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I'm using a MacBook with Croatian layout. Common PC Croatian layout (on Windows and in Linux) uses combinations with AltGr to get various symbols, such as...

  • AltGr+V for @
  • AltGr+F for [
  • AltGr+B for {

On OS X, this is replaced with..

  • Alt+Shift+2 for @
  • Alt+Š for [
  • Alt+Shift+Š for {

-- that is, US layout positions + alt provide the required symbol.

When I'm working with Linux, I find it hard to switch back to Croatian PC mapping. Hence, I tend to use US layout the most (and then I have the problem of being unable to type local symbols such as ČĆŽŠĐ, plus the problem of having to NOT type Alt for @, [, {, etc.)

Keyboard mapping definitions, located in Ubuntu in /usr/share/X11/xkb, provide an easy way to remap symbols on keydown, shift+keydown , altgr+keydown and altgr+shift+keydown . I couldn't find a way to map things to alt+keydown and alt+shift+keydown .

How can I map glyphs to alt+keydown and alt+shift+keydown in X11?

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2 Answers 2

up vote 1 down vote accepted

Well, I have a silly idea: you could hack it together with xdotool and xbindkeys:

add the following to your ~/.xbindkeysrc

"xdotool key at"
    Shift+Alt+Mod2 + 2

Taadaa!

(Alright, bring on the downvotes!)

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Sorry for the "long" delay in accepting the answer (now there's an understatement!) - but I never got around to trying it until now. Unfortunately, this doesn't seem to work for me under Ubuntu 12.04; even trying Shift+Alt + 2 as suggested by xbindkeys -mk and the GUI xbindkeys-config doesn't help. Does this work for you? I nonetheless accepted the answer because it's on the right track. –  Ivan Vučica Jul 19 '12 at 17:14

You can not configure it, because Alt is not a key code modifier in standard X servers. In X11 keys can be defined and changed with xmodmap. The program xev can be used to identify the key code. Start xev and press 2. On a German PC keyboard it looks this way:

KeyPress event, serial 33, synthetic NO, window 0x3000001,
    root 0x69, subw 0x0, time 3044226, (160,148), root:(164,198),
    state 0x0, keycode 11 (keysym 0x32, 2), same_screen YES,
    XLookupString gives 1 bytes: (32) "2"
    XmbLookupString gives 1 bytes: (32) "2"
    XFilterEvent returns: True

KeyRelease event, serial 33, synthetic NO, window 0x3000001,
    root 0x69, subw 0x0, time 3044305, (160,148), root:(164,198),
    state 0x0, keycode 11 (keysym 0x32, 2), same_screen YES,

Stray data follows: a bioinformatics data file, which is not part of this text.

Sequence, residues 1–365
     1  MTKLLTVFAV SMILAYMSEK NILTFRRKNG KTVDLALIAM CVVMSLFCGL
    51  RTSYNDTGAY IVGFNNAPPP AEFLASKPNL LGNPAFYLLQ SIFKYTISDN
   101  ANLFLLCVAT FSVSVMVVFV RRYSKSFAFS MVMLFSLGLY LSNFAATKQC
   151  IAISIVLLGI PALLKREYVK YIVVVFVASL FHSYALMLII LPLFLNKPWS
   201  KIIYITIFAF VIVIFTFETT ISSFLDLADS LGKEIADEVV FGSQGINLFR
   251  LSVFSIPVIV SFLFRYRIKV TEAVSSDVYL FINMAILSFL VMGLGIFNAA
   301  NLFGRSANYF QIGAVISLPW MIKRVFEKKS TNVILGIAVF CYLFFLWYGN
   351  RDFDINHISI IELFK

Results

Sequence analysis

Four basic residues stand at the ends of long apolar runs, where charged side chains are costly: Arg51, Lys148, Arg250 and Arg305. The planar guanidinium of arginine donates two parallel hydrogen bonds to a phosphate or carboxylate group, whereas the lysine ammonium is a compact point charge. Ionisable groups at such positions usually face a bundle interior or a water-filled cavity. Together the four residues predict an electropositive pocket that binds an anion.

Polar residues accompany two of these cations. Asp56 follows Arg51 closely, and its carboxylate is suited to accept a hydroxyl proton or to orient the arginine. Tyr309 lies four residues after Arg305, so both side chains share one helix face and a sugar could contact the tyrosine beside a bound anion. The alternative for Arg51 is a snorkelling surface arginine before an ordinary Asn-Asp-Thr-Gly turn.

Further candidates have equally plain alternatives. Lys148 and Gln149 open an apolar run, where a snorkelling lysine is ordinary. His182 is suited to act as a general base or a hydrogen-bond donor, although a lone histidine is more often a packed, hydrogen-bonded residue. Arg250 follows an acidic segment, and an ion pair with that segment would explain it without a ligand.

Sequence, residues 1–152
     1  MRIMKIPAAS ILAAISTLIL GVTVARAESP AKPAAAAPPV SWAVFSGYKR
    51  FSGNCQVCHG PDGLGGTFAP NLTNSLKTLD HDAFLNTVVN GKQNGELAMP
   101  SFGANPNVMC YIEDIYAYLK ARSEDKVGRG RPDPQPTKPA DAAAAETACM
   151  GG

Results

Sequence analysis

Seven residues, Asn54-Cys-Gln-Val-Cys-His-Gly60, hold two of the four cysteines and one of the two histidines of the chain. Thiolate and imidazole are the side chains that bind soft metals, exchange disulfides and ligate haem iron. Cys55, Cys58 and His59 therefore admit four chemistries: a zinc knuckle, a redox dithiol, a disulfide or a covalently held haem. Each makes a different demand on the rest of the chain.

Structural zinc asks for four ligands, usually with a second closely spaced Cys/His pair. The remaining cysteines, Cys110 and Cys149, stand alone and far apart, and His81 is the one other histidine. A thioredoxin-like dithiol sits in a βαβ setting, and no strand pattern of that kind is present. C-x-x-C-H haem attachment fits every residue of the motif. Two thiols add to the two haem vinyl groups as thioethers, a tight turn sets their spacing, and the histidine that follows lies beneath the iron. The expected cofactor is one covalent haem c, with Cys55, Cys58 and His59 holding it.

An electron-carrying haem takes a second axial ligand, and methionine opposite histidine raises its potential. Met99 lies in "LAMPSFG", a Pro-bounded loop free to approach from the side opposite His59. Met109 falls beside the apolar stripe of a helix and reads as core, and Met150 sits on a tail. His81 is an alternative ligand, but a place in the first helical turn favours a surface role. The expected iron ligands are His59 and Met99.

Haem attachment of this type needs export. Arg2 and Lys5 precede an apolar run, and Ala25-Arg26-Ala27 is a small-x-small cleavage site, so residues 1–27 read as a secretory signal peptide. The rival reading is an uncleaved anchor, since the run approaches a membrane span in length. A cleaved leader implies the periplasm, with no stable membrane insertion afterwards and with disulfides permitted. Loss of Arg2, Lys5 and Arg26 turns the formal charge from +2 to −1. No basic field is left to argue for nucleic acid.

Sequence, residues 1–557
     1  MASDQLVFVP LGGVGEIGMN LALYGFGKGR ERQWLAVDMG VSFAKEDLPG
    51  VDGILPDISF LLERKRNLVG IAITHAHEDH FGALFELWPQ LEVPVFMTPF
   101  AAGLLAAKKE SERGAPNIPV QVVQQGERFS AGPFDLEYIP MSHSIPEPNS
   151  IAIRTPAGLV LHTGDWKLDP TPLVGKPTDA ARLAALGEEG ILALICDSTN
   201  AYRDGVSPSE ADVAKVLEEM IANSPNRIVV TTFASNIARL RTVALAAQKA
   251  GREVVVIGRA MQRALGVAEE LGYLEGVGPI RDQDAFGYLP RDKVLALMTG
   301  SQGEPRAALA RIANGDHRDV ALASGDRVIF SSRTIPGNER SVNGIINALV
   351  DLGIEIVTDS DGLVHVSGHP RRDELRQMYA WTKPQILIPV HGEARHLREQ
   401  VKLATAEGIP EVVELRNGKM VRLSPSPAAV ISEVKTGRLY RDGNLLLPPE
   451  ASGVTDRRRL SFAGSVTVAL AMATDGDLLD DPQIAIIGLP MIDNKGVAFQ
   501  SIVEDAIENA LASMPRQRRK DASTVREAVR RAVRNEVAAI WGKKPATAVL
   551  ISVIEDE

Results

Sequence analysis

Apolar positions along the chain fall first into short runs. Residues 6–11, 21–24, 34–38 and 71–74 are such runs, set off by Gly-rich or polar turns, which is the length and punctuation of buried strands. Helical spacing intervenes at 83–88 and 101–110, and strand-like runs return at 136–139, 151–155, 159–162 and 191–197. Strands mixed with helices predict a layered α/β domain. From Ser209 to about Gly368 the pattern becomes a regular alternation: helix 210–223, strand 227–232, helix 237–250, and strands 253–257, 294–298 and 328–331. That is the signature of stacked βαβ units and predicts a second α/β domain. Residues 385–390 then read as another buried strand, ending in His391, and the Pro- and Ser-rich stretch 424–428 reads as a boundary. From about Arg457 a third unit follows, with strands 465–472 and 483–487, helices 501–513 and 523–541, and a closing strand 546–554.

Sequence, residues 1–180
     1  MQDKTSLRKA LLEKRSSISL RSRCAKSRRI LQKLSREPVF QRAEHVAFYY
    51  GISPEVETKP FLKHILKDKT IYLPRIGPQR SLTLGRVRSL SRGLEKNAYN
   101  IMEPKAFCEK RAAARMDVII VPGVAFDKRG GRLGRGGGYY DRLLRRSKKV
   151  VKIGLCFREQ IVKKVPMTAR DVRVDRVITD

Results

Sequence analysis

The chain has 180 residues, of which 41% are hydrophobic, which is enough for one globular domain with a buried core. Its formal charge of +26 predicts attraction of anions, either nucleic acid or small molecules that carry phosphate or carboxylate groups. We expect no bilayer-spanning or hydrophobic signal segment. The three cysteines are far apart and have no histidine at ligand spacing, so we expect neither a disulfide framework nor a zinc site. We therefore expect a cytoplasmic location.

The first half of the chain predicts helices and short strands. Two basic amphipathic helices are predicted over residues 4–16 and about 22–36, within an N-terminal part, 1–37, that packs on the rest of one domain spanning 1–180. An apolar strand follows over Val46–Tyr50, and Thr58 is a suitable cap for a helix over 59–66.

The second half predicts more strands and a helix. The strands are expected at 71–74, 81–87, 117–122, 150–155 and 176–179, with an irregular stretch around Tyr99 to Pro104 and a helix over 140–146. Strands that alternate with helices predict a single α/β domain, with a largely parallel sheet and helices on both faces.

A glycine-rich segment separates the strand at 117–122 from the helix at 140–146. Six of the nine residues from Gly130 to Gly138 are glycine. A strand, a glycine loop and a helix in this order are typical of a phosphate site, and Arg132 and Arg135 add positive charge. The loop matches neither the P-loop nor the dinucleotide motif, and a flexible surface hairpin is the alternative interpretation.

XLookupString gives 1 bytes: (32) "2"
    XFilterEvent returns: False

You can see that the key code for the key is 11. Now you can display the key code definition with xmodmap:

$ xmodmap -pke|grep ' 11 ='
keycode  11 = 2 quotedbl twosuperior oneeighth twosuperior oneeighth

You can see four different keys the key code 11 can generate. The man page for xmodmap explains which key gets generated by which modifier:

    keycode NUMBER = KEYSYMNAME ...
           The list of keysyms is assigned to the indicated keycode (which
           may be specified in decimal, hex or octal and can be determined
           by running the xev  program).   Up  to  eight  keysyms  may  be
           attached  to  a  key, however the last four are not used in any
           major X server implementation.  The first keysym is  used  when
           no  modifier  key  is pressed in conjunction with this key, the
           second with Shift, the third when the Mode_switch key  is  used
           with  this  key  and  the  fourth when both the Mode_switch and
           Shift keys are used.

Only Shift and Mode_switch are valid modifiers for X11 key codes. If you want your Alt key to be a valid modifier you have to patch your X server. Theoretically it is possible, because there are 8 modifiers possible. But your X server must know that.

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While you did provide me an explanation, I'm only upvoting you and accepting the other answer, which actually provided the solution. Thanks nonetheless :) –  Ivan Vučica Jul 19 '12 at 16:51

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